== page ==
Southern Poverty Law Center President Richard Cohen is stepping down from the civil rights organization amid a series of high-profile departures and questions over its treatment of employees.
In a statement, Cohen said the organization will “emerge stronger” after an audit of its practices by Tina Tchen, a Chicago-based attorney and former chief of staff for former first lady Michelle Obama.
“We’re going through a difficult period right now, and I know that we’ll emerge stronger at the end of the process that we’ve launched with Tina Tchen,” the statement said. “Given my long tenure as the SPLC president, however, I do not think I should be involved in that process beyond cooperating with Tina, her team, and the board in any way that may be helpful.”
Cohen has worked with the center since 1986 and was made president in 2003, according to the Montgomery Advertiser. He became one of its most prominent figures, bringing legal campaigns against the Ku Klux Klan and other hate groups.
But in recent years, the center has drawn criticism from Republicans and conservatives who have accused the SPLC of unfairly labeling people and groups with conservative viewpoints as bigots.
Paypal came under fire from religious groups after its CEO revealed it works with the SPLC to help identify accounts to ban from its platform. Several groups called for a boycott of the digital payment system because it listed several conservative Christian organizations as "hate groups" or "extremists" because of their religious views.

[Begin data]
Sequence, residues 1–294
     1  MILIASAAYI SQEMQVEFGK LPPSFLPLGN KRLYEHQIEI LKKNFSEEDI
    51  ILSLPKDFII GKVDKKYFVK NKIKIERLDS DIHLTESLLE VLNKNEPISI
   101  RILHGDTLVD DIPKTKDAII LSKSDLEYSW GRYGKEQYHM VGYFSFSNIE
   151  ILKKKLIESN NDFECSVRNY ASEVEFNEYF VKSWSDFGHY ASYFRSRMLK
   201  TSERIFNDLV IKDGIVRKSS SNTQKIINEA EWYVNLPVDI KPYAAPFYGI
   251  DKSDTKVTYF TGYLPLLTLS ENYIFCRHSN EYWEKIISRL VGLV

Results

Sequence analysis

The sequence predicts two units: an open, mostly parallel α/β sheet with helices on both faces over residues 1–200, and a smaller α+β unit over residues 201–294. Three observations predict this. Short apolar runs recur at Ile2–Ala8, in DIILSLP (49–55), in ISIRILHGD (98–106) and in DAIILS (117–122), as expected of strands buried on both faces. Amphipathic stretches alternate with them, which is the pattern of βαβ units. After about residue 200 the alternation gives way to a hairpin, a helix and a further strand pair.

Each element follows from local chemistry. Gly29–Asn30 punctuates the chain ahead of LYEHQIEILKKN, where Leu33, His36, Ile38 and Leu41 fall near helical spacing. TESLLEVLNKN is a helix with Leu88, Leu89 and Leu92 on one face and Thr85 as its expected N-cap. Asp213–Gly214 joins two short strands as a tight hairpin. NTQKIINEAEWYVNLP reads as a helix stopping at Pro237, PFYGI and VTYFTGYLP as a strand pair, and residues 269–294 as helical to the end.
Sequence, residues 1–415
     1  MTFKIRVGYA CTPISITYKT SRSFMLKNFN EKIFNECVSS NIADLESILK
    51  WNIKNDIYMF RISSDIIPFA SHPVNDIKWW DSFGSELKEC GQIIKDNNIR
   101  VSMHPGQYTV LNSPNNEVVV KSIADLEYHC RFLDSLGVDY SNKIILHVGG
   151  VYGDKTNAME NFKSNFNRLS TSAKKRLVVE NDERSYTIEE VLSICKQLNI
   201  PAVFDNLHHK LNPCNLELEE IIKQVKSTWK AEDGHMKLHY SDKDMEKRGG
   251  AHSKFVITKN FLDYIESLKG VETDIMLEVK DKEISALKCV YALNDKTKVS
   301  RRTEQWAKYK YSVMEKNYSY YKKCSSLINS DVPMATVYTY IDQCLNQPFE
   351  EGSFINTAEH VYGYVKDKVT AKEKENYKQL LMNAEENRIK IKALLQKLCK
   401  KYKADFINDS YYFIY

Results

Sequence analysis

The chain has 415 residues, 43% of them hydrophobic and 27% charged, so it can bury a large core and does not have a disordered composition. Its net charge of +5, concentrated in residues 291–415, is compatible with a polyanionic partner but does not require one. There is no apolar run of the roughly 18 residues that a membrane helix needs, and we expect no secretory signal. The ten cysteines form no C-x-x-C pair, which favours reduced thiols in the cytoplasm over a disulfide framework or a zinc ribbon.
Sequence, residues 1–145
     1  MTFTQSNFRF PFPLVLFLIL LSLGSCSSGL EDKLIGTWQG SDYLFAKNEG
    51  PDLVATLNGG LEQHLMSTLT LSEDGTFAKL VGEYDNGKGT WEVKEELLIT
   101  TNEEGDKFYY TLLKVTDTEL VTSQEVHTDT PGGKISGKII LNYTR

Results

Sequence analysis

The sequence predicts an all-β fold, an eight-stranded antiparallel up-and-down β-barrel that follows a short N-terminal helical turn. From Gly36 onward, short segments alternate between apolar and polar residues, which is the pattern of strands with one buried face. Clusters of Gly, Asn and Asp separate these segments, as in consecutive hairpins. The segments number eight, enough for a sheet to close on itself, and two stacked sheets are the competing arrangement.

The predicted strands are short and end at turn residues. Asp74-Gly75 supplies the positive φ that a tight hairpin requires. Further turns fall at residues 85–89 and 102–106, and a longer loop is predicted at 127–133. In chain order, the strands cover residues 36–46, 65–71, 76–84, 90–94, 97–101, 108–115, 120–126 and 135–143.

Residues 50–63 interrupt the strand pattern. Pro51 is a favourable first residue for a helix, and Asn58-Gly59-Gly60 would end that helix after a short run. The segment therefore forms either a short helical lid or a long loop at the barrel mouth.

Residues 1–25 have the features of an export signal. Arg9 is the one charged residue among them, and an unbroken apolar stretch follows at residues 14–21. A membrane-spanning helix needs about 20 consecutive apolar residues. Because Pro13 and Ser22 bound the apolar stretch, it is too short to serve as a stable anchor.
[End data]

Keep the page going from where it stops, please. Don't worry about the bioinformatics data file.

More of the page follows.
Republican lawmakers have also questioned the working relationship between the SPLC and the FBI.
U.S. Rep. Matt Gaetz, R-Fla., said groups like the Christian Family Research Council (FRC) have been unfairly labeled as hate groups by the SPLC, while members of “Antifa” have not.
“The SPLC’s conflation of mainstream political advocacy groups with legitimate hate groups and domestic terror groups is absurd, frequently indiscriminate and dangerous,” Gaetz said.
“The SPLC’s conflation of mainstream political advocacy groups with legitimate hate groups and domestic terror groups is absurd, frequently indiscriminate and dangerous.”
Cohen's exit comes a week after SPLC co-founder Morris Dees was dismissed and some center staff raised concerns over whether the group's mission of combating hate and discrimination conflicted with the treatment of its minority employees.
In addition to Dees, an assistant legal director also left over gender and race equity concerns. The center’s senior staff and board are largely white, according to the Advertiser.
About two dozen employees signed a letter raising concerns over “allegations of mistreatment, sexual harassment, gender discrimination, and racism threaten the moral authority of this organization and our integrity along with it,” the Los Angeles Times reported.
The Advertiser spoke with four employees who said there is a disconnect by what they saw as the center’s response to high-profile cases of police use of deadly force and prioritizing marketing and fundraising over civil rights work. The center remains a $450 million advocacy organization that surpasses other civil rights groups.